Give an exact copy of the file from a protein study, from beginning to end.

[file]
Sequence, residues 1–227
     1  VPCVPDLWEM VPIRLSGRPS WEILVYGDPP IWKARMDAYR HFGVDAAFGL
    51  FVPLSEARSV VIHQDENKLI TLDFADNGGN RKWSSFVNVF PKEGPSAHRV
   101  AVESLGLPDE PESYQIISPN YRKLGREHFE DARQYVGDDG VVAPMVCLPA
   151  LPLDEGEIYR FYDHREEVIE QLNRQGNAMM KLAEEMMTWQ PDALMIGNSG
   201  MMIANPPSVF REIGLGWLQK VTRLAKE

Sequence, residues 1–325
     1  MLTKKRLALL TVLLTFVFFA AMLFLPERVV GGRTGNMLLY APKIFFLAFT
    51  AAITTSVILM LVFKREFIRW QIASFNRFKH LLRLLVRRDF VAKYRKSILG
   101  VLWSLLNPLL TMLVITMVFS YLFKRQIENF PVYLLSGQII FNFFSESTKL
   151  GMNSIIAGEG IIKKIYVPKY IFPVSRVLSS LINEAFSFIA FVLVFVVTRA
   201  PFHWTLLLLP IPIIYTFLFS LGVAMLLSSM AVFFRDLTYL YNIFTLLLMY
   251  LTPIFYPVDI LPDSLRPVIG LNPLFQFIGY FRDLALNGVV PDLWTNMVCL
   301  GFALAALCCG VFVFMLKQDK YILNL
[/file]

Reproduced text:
Sequence, residues 1–227
     1  VPCVPDLWEM VPIRLSGRPS WEILVYGDPP IWKARMDAYR HFGVDAAFGL
    51  FVPLSEARSV VIHQDENKLI TLDFADNGGN RKWSSFVNVF PKEGPSAHRV
   101  AVESLGLPDE PESYQIISPN YRKLGREHFE DARQYVGDDG VVAPMVCLPA
   151  LPLDEGEIYR FYDHREEVIE QLNRQGNAMM KLAEEMMTWQ PDALMIGNSG
   201  MMIANPPSVF REIGLGWLQK VTRLAKE

Sequence, residues 1–325
     1  MLTKKRLALL TVLLTFVFFA AMLFLPERVV GGRTGNMLLY APKIFFLAFT
    51  AAITTSVILM LVFKREFIRW QIASFNRFKH LLRLLVRRDF VAKYRKSILG
   101  VLWSLLNPLL TMLVITMVFS YLFKRQIENF PVYLLSGQII FNFFSESTKL
   151  GMNSIIAGEG IIKKIYVPKY IFPVSRVLSS LINEAFSFIA FVLVFVVTRA
   201  PFHWTLLLLP IPIIYTFLFS LGVAMLLSSM AVFFRDLTYL YNIFTLLLMY
   251  LTPIFYPVDI LPDSLRPVIG LNPLFQFIGY FRDLALNGVV PDLWTNMVCL
   301  GFALAALCCG VFVFMLKQDK YILNL